Host Tamara Kleinberg pulls out the top insights from her dozens of 2017 interviews with leading innovators. Innovation strategy that includes — embrace change, get emotional, question everything, seek conflict, experiment, learn the language. To close out the year, Tamara digs into all of these key innovation insights on Inside LaunchStreet.
[2:13] Tamara reflects back on some of the highlights from 2017.
[3:31] The first theme Tamara picked out from the 2017 podcasts was that it’s time to stop fearing change; it’s time to turn our mindset to embracing change. It’s not one big massive disruption; the change today is just a constant hit on micro disruption. We must embrace change as our most leverageable asset.
[6:50] The second theme Tamara reflects back on is emotions. Tamara shares a personal experience of how Lululemon’s recent change of shopping bag wording made a powerful emotional impact on her friend. We, as human beings, constantly make emotional decisions. Yet, when it comes to work, often we’re told to leave our emotions at the door. Clients and customers are shopping based on emotional experiences. When we strip away emotions, we strip away creativity and innovation.
[9:52] Tamara challenges listeners to pause and examine if you are stripping away emotions from the workplace. She believes that adding emotions will bring more innovation.
[11:42] Tamara discusses the importance of questioning EVERYTHING. Our ideas, our decisions, our rules, our outcomes. Value the people around you that are really good at questioning. Get introduced to the “yes, butters” and find out about how they benefit our ideas.
[14:57] Listen in to find out how conflict is good. What is the job of the tenth man mindset? Tamara shares a trick — the stage must be set for constructive conflict. Tamara explores constructive conflict in one of her on-demand training videos. Focus on debating ideas, not each other. Tamara challenges listeners to go out and engage in some conflict.
[18:05] Build a culture of experimentation, not presentation. Why are innovative ideas the first to get shut down on paper? Tamara shares how Tough Mudder’s initial business plan failure launched him into global domination of extreme sports. Experiment first. Find one customer, build one mock marketing page. This will help you see the brilliance, viability, and holes. When you present results, you have proof of your validity. Experimentation provides momentum for your ideas.
[23:40] The last theme Tamara shares is the importance of having a lot of ideas. In quantity, you’ll find quality. Learn how to speak the language of innovation. Once you have done your experiment, learn how to present ideas in a way that gets them on board.
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Shawn Madden is a serial entrepreneur in the social sports industry. He is the Founder, CEO, and Ambassador of Fun at Underdog Sports Leagues, League Lab Software, and FunCorp Parties and Events. He stopped by Inside LaunchStreet to talk to us about the power of fun in building cultures of trust, productivity, and innovation. We chat about what happens in teams without a foundation of friendship and why ping pong tables aren’t always a bad idea.
[1:44] Friend-building is creating a better social connection and connections in your workplace to have a better workplace culture. Shawn compares friend-building to a leaky window. Don’t let valuable productivity and engagement in communication leak out your windows. Get introduced to the Abe Lincoln friend.
[6:07] How does fun affect the bottom line? Would people rather get paid more or have fun at work? Find out how fun is a powerful recruiter.
[7:20] Einstein believed play was the biggest part of his creativity and ingenuity. A fun culture can help alleviate stress and help people to feel more like a team.
[8:44] Listen in to find out how fun helps with innovation and how it plays into the failure factor.
[10:50] Failure to create a fun culture can lead to “interview talk land.” How do you bring the fun to your teams? Will a foosball/ping pong table bring the fun? How many people are meeting for the first time at the foosball table? Are social creations being created?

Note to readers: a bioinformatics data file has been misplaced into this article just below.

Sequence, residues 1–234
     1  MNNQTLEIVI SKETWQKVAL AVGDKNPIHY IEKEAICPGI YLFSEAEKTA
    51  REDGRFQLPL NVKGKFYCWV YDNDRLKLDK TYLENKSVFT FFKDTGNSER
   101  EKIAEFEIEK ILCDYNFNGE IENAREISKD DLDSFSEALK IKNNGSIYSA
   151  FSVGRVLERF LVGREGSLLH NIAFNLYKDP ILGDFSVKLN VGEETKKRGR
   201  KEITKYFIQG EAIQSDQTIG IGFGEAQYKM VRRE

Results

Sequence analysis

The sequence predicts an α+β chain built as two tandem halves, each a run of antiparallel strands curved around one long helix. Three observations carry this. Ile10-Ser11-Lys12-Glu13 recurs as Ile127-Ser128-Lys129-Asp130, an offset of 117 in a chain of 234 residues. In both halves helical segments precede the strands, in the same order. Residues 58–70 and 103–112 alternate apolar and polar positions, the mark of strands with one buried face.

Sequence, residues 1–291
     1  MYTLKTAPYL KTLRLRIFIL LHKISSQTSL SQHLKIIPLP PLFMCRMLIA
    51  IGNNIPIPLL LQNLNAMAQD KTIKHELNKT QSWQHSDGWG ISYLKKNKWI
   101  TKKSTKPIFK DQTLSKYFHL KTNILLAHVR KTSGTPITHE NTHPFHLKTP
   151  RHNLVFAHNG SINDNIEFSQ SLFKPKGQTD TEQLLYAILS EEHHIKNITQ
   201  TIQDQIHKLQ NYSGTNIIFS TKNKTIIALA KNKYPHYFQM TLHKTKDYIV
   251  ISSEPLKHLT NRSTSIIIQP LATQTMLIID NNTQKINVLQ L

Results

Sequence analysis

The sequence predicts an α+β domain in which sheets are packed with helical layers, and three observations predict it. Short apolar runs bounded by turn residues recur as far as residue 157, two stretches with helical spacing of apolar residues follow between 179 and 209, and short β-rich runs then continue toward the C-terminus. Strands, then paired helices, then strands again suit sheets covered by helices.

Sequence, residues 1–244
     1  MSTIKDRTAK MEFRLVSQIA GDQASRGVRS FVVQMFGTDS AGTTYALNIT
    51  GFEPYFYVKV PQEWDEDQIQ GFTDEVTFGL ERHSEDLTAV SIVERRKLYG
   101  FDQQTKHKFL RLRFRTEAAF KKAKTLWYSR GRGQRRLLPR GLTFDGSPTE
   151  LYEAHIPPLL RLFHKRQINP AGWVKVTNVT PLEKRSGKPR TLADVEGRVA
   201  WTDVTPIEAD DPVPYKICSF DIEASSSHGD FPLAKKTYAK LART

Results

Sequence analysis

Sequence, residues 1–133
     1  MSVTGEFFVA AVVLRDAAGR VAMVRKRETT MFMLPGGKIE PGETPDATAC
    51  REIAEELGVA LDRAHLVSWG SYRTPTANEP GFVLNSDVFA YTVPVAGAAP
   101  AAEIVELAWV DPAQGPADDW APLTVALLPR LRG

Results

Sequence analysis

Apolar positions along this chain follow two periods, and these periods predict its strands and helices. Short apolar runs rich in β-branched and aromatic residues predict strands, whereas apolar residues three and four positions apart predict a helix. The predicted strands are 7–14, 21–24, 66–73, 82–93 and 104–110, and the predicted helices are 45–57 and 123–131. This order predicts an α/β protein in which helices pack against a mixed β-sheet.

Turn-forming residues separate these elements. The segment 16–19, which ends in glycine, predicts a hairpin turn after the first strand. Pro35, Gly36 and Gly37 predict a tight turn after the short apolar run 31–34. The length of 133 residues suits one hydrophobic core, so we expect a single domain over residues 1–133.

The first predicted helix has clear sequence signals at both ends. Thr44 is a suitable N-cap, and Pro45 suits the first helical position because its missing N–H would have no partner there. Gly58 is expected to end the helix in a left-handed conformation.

[13:41] Tamara mentions that the magical piece of equipment — the ping pong table in the foyer — doesn’t do the work for you. Shawn believes that you must create activities and events that are purposeful.
[15:50] One of the biggest things we can do is to break the silos that already exists. Listen in to learn about the different types of silos and how to change these connections.
[17:33] Team building can combine companies to bring together more people. This helps aid in collaborations. Shawn shares a success story about a construction company out of Portland.
[19:18] Clients often call Shawn when they realize that they need help with party planning, or they need to do better to create a winning culture. Should the company party default to the HR department?
[22:09] The benefits of friend-building include unlocking a few quiet giants. It can help unlock people’s vulnerability and talents.
[24:23] How does Shawn help people overcome resistance and the feeling of this is just another day at the rodeo? Friend-building needs to be seen as a long-term investment. You’re investing in their social wellness.
[26:46] People don’t really know what interests their team has. The teams are disconnected; that’s the elephant in the room.
[28:56] Shawn suggests a good way to start getting to know your team better is by playing the icebreaker game, high/low/betcha didn’t know. You can ask questions like: What was the high of your day? What was the low of your day? Then, you offer something that your team doesn’t know about you. Most people just need a little nudge to open up about their life.
[31:25] Shawn offers a piece of advice to entrepreneurs. He advises to start very simply but never force friend-building. Look for things you’re already doing, and build on more frequent opportunities.
[33:11] Teams with a foundation of friendship have fewer sick days and increased productivity and engagement.
[34:29] Connect with Shawn and watch a video about the ‘friend wheel’ at Funcorp.
[35:00] Tamara challenges LaunchStreeters to pick one thing to increase friend-building. Try the high/low/betcha didn’t know game!
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George Couros is a leading educator in the area of innovative leadership, teaching, and learning and is the author of the book, The Innovator’s Mindset; Empower Learning, Unleash Talent, and Lead a Culture of Creativity. On Inside LaunchStreet, we talked about the biggest barriers to innovation, why big institutions are so resistant to change and how to become the ripple effect of innovation inside your organization.